Are you planning a family road trip this summer? 2021 is poised to be the year of the road trip, according to a recent survey from Harvest Hosts.
When everything goes to plan, a road trip allows you to recuperate from the stresses of everyday life and forge precious memories that last a lifetime.
When a road trip goes sour, on the other hand, you may just find yourself itching to get back to the office. As it is, you might already be dreading long hours spent behind the wheel and the disgruntled voices from the back seat.
Fortunately, there are ways to ensure your road trip’s success. Whether you’re visiting a neighboring state or embarking on a cross-country trek, here are seven essential driving tips for your upcoming family road trip!
1. Get plenty of rest
Ample rest is paramount to the success of any family road trip. When family members haven’t had enough shut-eye, they can become irritable and frustrated.
Proper sleep is not only vital for morale but also for safety. As a driver, it’s important that you make rest a priority—not only the night before your trip but also the hours between your driving shifts.
Be sure to go to bed on time, stop to take breaks when needed, and be aware of your own fatigue while you’re driving. Remember, your loved ones are depending on you getting them from point A to point B safely!
2. Plan out a realistic schedule
On average, families drive 568 miles during a summer road trip. While you might have no issues driving for many hours each day with minimal breaks, your family might not appreciate this.
Only you know your family’s capacity for time spent in the car. Keep this in mind when plotting your route and determining how many days you’ll spend on the road.
To keep the peace, plan for plenty of pit stops and breaks along the way. It’s even a good idea to allow time for special stops in cities where there are landmarks and monuments you’ve always wanted to see!
3. Drive through the night
Especially with young children, it can be a struggle to keep them content during a long car ride.
If you’re confident in your ability to drive while it’s dark outside and are able to get enough rest during the day, consider doing the majority of the driving through the night.
While the kids are quietly sleeping in the back seat, you’ll enjoy a peaceful and uninterrupted journey!
4. Have an adult sit with the children
While you and your partner might enjoy spending quality time together up front, it can be a challenge to tend to a younger child from the front seat—especially when car seats face the rear of the vehicle.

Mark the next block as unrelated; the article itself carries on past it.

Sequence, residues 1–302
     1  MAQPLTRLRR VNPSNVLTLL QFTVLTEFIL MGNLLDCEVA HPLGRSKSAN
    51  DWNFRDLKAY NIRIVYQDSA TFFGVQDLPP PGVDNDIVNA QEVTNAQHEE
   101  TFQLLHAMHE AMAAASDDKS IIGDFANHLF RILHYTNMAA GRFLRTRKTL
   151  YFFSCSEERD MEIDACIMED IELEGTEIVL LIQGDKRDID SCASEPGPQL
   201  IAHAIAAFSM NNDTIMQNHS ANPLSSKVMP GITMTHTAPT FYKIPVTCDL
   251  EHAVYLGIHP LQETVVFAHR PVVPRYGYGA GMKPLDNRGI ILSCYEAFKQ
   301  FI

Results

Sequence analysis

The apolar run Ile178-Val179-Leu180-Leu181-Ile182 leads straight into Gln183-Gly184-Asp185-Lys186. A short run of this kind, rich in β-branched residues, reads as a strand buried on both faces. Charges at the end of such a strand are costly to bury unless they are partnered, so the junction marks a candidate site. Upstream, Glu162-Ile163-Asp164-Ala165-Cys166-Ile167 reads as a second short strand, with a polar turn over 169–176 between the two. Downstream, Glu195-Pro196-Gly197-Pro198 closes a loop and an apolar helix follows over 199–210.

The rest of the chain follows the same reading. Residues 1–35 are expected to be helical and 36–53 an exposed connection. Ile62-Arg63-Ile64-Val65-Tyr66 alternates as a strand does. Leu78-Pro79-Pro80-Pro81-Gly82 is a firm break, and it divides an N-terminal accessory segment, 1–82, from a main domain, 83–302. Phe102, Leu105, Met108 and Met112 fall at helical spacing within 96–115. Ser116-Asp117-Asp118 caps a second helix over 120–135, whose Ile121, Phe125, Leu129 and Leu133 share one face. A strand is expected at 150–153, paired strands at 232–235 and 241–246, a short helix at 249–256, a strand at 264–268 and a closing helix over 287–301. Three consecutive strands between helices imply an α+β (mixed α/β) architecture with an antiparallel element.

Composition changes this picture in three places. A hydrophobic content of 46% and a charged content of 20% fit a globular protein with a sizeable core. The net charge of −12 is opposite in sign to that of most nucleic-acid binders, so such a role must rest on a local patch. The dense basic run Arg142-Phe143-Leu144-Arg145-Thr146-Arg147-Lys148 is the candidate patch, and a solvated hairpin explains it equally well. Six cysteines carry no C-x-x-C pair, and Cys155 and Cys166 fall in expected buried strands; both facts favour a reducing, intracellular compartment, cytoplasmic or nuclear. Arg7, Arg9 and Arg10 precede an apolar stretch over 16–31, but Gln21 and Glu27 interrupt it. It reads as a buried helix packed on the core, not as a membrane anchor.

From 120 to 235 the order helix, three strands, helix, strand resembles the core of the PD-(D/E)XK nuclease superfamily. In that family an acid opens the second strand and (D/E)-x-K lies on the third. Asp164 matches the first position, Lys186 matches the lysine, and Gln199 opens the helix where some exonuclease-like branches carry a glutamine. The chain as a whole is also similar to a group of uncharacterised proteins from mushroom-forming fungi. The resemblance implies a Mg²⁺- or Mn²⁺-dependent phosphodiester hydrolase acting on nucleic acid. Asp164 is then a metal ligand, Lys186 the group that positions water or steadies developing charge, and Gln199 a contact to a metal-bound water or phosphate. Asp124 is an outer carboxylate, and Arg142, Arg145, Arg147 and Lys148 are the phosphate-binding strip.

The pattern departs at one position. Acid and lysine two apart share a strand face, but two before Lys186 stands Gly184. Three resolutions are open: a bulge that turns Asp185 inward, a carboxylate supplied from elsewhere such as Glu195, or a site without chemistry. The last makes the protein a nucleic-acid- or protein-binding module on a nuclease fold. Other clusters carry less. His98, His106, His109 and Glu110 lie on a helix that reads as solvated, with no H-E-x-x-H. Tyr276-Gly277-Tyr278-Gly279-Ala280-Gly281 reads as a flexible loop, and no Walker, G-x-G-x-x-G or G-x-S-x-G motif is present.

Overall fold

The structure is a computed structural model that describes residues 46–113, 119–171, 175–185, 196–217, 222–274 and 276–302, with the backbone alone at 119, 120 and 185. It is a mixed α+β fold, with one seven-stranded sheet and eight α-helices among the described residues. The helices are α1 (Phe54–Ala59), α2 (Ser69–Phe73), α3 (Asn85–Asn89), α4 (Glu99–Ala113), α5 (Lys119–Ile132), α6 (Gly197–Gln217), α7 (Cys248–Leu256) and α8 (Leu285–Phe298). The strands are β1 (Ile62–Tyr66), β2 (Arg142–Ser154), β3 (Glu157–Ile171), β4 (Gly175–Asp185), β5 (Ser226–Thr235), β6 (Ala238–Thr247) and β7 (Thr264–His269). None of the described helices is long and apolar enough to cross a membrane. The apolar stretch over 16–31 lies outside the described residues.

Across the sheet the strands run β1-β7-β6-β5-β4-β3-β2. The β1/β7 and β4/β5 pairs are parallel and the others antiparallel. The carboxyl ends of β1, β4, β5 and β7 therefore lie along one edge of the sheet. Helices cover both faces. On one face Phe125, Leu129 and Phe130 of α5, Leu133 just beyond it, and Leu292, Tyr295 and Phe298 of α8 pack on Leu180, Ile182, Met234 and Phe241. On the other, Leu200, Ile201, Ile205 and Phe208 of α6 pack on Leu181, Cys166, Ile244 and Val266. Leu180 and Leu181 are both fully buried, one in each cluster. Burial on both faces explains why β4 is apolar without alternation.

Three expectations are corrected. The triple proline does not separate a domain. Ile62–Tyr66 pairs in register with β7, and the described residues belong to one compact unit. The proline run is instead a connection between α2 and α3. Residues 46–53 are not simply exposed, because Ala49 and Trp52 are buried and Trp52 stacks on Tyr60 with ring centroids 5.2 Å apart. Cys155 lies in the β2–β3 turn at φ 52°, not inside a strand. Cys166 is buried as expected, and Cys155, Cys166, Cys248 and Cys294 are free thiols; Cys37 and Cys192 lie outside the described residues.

According to a 2021 CarInsurance.com survey, 13% of drivers reported that someone had a meltdown within the first hour of their road trip. Be prepared to intervene by having an adult sit in the backseat at some point during your trip!
5. Pack plenty of healthy snacks
Not only do snacks keep blood sugar levels high but they also keep children occupied.
Of course, some snacks are more nutritious than others. Rather than loading up your car with chips, candy, and other junk food items, consider fruit and sources of protein that will give your children the fuel they need for your excursion!
6. Load your vehicle conservatively
When it comes time to load up your vehicle, be intentional about conserving space, and leaving enough room for family members to move around.
Pack lightly in lieu of over-packing. The additional space and comfort this affords your family during a long drive might be worth the minor inconvenience of not having every last luxury item with you!
7. Review your route beforehand
If you haven’t already chosen a route to your destination, check out the different options on your GPS. You may be able to avoid a route that includes multiple tolls or heavy construction simply by checking your GPS ahead of time.
Once more before you leave, review the route you have picked out for your trip. While you’re not expected to know the name of every last exit or on-ramp, having a general idea of where you’re going could save you headaches along the journey.
Making a wrong turn, getting lost, or running into a bout of heavy traffic can delay your arrival and cause frustrations to boil over—not the way to kick off your vacation!